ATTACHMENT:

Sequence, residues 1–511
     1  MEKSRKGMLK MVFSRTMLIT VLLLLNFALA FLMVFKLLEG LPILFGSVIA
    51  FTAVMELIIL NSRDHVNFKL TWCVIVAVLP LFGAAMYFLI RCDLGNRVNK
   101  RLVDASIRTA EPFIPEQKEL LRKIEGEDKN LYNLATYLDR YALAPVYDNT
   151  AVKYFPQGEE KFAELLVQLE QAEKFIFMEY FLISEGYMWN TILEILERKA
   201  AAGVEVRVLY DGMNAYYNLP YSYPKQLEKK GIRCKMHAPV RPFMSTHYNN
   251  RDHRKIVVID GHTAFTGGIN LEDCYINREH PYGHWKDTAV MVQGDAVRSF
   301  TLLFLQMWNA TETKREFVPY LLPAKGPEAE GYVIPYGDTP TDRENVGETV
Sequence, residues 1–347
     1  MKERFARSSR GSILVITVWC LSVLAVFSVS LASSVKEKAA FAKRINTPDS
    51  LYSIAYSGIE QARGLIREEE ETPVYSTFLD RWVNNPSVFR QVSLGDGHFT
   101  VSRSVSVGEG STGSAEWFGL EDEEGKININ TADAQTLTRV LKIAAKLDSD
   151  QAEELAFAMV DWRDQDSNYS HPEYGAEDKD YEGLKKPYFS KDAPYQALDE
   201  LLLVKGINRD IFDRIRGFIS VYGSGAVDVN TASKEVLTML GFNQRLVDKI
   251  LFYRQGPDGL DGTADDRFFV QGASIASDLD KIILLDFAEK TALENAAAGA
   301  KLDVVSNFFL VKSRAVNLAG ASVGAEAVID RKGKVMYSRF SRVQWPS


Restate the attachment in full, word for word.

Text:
Sequence, residues 1–511
     1  MEKSRKGMLK MVFSRTMLIT VLLLLNFALA FLMVFKLLEG LPILFGSVIA
    51  FTAVMELIIL NSRDHVNFKL TWCVIVAVLP LFGAAMYFLI RCDLGNRVNK
   101  RLVDASIRTA EPFIPEQKEL LRKIEGEDKN LYNLATYLDR YALAPVYDNT
   151  AVKYFPQGEE KFAELLVQLE QAEKFIFMEY FLISEGYMWN TILEILERKA
   201  AAGVEVRVLY DGMNAYYNLP YSYPKQLEKK GIRCKMHAPV RPFMSTHYNN
   251  RDHRKIVVID GHTAFTGGIN LEDCYINREH PYGHWKDTAV MVQGDAVRSF
   301  TLLFLQMWNA TETKREFVPY LLPAKGPEAE GYVIPYGDTP TDRENVGETV
Sequence, residues 1–347
     1  MKERFARSSR GSILVITVWC LSVLAVFSVS LASSVKEKAA FAKRINTPDS
    51  LYSIAYSGIE QARGLIREEE ETPVYSTFLD RWVNNPSVFR QVSLGDGHFT
   101  VSRSVSVGEG STGSAEWFGL EDEEGKININ TADAQTLTRV LKIAAKLDSD
   151  QAEELAFAMV DWRDQDSNYS HPEYGAEDKD YEGLKKPYFS KDAPYQALDE
   201  LLLVKGINRD IFDRIRGFIS VYGSGAVDVN TASKEVLTML GFNQRLVDKI
   251  LFYRQGPDGL DGTADDRFFV QGASIASDLD KIILLDFAEK TALENAAAGA
   301  KLDVVSNFFL VKSRAVNLAG ASVGAEAVID RKGKVMYSRF SRVQWPS